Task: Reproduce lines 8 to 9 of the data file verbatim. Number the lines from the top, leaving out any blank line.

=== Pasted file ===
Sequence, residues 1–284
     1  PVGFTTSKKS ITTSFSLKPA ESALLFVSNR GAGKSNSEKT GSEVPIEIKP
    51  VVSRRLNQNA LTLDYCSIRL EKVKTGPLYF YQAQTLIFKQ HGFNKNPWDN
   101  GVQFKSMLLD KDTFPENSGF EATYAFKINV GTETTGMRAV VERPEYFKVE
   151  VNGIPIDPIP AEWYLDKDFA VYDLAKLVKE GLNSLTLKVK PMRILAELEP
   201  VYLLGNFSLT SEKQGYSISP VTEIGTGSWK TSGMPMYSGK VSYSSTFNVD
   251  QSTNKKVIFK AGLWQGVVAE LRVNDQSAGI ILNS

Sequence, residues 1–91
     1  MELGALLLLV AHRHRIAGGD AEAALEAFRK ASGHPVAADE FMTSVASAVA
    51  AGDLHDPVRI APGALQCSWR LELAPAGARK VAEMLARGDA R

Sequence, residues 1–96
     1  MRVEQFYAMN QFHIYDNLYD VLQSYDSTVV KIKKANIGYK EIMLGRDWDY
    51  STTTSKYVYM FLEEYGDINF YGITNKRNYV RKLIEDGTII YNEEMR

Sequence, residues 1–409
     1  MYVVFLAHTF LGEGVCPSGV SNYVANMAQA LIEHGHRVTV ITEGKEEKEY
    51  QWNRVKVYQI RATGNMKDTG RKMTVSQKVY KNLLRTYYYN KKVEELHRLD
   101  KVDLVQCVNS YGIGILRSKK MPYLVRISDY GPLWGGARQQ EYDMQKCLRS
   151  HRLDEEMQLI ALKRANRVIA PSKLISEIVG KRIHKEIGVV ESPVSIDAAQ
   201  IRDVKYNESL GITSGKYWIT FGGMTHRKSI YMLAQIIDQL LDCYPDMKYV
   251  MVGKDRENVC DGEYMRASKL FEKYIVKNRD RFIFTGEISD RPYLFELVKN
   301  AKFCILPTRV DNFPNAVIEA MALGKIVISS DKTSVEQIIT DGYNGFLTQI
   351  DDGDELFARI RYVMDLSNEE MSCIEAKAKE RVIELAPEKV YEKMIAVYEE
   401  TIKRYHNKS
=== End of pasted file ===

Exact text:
Sequence, residues 1–91
     1  MELGALLLLV AHRHRIAGGD AEAALEAFRK ASGHPVAADE FMTSVASAVA